The four most important lessons about social media

Learned with the help of donuts…
Friday, February 3, 2012, at the end of a week of work, Nuno Gomes, creative director of Three Ships Media Agency decided to relax. And had fun drawing on the blackboard in his office, a table that explains social media creativity with the help of donuts. To Doug Ray, multimedia producer at the Agency, the ideas seemed terribly funny so he took his phone  and took a snapshoot of the board and, after passing through Instagram , posted it on facebook and announced it on twitter.Then, laughing, he went home.
Four days later – on 7 February at 10:39 – the photo reached 100,000 Like on Facebook. And thousands of references on Twitter. This photograph:Image

Social media explained – Twitter: eat a donut. Facebook: I like donuts. Foursquare: here is where I eat donuts. Instagram: here is a vintage photo of my donuts. YouTube: watch, eat a donut. Likedin: My skills include eating donuts. Pinterest: Here’s a recipe for donuts. Last FM: Now listen “donuts”. Google also: Google employee are eating donuts.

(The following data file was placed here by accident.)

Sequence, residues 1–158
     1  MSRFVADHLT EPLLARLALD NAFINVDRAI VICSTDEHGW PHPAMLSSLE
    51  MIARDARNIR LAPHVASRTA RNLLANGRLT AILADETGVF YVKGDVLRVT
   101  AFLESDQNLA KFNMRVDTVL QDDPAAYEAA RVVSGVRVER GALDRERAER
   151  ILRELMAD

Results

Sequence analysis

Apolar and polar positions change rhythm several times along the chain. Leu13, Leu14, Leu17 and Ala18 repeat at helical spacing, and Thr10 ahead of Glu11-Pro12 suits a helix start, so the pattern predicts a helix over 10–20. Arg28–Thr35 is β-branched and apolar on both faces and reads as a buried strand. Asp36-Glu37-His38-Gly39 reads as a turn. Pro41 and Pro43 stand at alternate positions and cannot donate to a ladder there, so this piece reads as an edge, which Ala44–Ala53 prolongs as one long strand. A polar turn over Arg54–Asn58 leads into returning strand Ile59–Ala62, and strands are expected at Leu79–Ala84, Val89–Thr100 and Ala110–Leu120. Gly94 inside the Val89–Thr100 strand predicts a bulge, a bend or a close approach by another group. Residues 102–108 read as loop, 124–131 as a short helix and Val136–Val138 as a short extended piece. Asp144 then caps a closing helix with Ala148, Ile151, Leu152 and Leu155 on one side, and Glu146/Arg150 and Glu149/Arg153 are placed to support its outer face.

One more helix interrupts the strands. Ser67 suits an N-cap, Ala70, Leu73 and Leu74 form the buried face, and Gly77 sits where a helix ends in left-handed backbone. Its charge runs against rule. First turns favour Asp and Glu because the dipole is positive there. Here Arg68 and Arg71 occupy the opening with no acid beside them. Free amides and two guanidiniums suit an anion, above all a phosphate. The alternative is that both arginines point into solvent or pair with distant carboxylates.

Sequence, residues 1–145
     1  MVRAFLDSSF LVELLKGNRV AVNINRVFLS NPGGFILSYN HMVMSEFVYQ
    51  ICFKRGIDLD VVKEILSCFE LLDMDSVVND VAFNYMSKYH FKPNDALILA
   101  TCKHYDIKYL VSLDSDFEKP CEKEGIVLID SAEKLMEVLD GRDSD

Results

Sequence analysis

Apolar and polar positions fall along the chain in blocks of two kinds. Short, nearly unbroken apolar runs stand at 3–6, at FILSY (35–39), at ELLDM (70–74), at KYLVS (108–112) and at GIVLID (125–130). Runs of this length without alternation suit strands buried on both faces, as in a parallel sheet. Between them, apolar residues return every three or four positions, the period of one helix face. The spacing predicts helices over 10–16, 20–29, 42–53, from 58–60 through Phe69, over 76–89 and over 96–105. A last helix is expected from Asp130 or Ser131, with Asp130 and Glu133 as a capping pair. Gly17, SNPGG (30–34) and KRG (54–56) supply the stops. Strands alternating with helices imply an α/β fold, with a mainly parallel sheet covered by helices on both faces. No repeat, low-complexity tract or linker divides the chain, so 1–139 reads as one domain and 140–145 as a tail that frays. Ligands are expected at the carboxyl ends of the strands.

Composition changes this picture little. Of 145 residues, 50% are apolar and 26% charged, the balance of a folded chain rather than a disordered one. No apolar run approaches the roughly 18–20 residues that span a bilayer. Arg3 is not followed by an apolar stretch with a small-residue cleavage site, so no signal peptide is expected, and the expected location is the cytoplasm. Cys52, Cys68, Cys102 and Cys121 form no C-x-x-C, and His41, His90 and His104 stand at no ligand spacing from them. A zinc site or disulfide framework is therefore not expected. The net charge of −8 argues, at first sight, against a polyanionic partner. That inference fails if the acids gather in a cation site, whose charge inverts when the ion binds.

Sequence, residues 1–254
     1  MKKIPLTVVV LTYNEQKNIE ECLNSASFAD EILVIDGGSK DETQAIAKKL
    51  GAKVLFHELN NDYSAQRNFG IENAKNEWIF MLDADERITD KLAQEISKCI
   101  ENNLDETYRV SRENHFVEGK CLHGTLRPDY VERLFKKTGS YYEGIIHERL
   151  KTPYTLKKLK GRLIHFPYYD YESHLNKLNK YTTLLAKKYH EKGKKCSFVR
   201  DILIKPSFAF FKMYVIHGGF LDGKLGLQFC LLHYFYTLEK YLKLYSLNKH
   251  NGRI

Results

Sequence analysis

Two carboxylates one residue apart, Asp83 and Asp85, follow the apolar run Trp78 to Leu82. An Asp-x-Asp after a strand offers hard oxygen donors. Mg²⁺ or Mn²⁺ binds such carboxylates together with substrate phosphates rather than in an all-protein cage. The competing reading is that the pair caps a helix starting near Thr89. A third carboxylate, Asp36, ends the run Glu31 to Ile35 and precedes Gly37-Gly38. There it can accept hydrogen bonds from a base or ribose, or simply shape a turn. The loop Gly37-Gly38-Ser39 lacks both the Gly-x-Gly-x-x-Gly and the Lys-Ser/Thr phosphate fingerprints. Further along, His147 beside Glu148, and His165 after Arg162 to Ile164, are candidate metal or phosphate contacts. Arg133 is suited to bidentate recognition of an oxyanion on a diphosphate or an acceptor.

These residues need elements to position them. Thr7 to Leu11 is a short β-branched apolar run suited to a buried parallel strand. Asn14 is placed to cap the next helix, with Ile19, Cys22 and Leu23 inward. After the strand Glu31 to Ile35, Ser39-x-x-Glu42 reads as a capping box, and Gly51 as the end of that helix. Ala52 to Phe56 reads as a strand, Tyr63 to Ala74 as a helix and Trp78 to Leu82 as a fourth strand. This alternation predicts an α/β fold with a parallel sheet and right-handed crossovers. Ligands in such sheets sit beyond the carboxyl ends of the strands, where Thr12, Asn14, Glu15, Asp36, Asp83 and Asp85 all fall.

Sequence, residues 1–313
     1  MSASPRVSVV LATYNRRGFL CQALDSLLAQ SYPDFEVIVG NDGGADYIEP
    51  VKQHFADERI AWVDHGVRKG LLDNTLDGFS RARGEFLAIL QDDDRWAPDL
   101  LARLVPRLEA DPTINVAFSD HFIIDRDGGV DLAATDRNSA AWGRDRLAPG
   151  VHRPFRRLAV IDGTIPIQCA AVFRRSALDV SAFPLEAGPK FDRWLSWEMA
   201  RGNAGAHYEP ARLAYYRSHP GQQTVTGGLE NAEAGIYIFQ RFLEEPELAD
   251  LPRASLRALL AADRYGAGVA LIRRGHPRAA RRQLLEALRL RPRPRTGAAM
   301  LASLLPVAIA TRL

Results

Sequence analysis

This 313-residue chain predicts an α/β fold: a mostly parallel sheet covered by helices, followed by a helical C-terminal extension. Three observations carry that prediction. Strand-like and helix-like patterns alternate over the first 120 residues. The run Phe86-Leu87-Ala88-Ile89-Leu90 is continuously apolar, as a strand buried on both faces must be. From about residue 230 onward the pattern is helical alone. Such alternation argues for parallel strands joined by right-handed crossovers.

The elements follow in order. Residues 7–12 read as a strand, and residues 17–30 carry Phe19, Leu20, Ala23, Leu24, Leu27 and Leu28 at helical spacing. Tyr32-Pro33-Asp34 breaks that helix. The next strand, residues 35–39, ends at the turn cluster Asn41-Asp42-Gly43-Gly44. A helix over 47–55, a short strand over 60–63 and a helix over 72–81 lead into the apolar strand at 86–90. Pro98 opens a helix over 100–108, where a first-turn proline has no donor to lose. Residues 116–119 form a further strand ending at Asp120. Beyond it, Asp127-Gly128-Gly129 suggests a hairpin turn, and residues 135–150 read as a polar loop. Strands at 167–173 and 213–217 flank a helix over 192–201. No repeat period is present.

Surprised by the unexpected success of the photo – which to date has raised over 112,000 likes  – Doug drew some conclusions. “Old as the hills” but very true.
One.  You never know when something will go viral
It wasn’t his intention to make a viral. It was Friday afternoon and needed to fizzle a little after work. Simply you can not plan a viral.
Two. Loosen up
They didn’t care whether they might offend someone or if this thing had been done before using a far less tasty subject than donuts (even good artists steal, or copy- or something like that). Sometimes controversy can be good. And the only way to get there is through a full creative control. Sometimes it’s best to give up control to give partners more room to work…creatively.
Three. Sometimes the best ideas are the easiest.
There are a lot of projects that can and should require many hours of work. But sometimes the best ideas – and most successful – are coming on time. I used donuts for just talking about them. It took only five minutes.

Four. Low-Tech is OK.
Sure, they could have done everything in Illustrator and Final Cut Pro. But in this case, low-tech approach worked. Why would he need to make things more complicated than they should be?

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